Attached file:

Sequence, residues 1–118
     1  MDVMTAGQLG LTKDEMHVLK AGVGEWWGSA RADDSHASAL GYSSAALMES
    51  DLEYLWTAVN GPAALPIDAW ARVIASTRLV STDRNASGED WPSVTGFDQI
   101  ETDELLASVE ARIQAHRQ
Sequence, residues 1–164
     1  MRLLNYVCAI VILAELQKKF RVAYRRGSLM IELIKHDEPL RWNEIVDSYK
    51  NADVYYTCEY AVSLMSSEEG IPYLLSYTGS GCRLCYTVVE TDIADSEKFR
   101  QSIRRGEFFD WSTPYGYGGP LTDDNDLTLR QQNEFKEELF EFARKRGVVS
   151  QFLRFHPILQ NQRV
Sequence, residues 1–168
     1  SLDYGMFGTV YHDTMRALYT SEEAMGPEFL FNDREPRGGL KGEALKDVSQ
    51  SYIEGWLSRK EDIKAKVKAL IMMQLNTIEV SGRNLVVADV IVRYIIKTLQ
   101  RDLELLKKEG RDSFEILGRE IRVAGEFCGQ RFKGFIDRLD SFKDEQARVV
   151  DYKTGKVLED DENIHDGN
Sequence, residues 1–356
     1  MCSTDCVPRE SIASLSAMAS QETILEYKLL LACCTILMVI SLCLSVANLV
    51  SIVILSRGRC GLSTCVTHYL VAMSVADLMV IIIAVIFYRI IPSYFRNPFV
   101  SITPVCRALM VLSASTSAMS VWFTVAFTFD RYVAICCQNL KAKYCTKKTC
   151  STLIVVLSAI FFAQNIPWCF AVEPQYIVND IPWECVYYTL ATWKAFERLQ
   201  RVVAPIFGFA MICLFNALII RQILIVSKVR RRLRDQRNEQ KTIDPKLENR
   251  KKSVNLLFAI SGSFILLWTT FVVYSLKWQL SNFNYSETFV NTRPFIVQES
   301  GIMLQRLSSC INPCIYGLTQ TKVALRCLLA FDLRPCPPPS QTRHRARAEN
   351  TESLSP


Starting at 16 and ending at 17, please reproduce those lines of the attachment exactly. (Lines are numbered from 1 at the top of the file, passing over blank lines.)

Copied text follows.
     1  MCSTDCVPRE SIASLSAMAS QETILEYKLL LACCTILMVI SLCLSVANLV
    51  SIVILSRGRC GLSTCVTHYL VAMSVADLMV IIIAVIFYRI IPSYFRNPFV